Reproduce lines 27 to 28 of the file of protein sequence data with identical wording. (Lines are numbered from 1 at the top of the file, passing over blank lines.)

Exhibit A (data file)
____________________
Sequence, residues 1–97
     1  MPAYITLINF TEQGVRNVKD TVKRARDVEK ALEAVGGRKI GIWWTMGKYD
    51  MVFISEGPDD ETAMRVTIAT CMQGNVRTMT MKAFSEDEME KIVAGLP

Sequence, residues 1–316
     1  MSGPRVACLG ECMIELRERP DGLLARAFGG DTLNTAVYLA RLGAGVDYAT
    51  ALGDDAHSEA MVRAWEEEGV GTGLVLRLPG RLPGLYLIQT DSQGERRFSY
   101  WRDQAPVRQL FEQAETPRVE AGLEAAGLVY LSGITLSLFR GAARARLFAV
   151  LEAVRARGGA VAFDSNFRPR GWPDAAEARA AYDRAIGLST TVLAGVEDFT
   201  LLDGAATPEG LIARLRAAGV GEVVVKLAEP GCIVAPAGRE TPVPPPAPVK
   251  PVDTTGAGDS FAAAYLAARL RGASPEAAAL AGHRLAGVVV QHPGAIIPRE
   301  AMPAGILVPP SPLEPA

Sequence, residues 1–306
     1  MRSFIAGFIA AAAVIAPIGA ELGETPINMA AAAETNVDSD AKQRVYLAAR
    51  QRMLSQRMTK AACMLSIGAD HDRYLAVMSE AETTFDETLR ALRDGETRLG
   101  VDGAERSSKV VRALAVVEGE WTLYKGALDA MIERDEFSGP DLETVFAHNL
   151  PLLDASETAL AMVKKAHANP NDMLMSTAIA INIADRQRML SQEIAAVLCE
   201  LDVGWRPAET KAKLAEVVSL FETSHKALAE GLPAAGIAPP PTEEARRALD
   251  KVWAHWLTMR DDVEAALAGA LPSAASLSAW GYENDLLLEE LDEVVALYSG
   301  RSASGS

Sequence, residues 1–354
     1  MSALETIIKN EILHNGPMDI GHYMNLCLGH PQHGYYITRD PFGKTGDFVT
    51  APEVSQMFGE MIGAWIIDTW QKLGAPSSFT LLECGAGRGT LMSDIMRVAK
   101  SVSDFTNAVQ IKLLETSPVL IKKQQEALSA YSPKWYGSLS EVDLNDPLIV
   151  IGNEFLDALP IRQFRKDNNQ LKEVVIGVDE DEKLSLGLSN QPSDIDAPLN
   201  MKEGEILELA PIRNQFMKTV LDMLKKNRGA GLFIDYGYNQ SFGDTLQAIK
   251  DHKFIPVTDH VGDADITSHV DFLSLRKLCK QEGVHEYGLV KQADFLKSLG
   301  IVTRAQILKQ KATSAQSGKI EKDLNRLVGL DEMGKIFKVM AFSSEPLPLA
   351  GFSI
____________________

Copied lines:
   301  IVTRAQILKQ KATSAQSGKI EKDLNRLVGL DEMGKIFKVM AFSSEPLPLA
   351  GFSI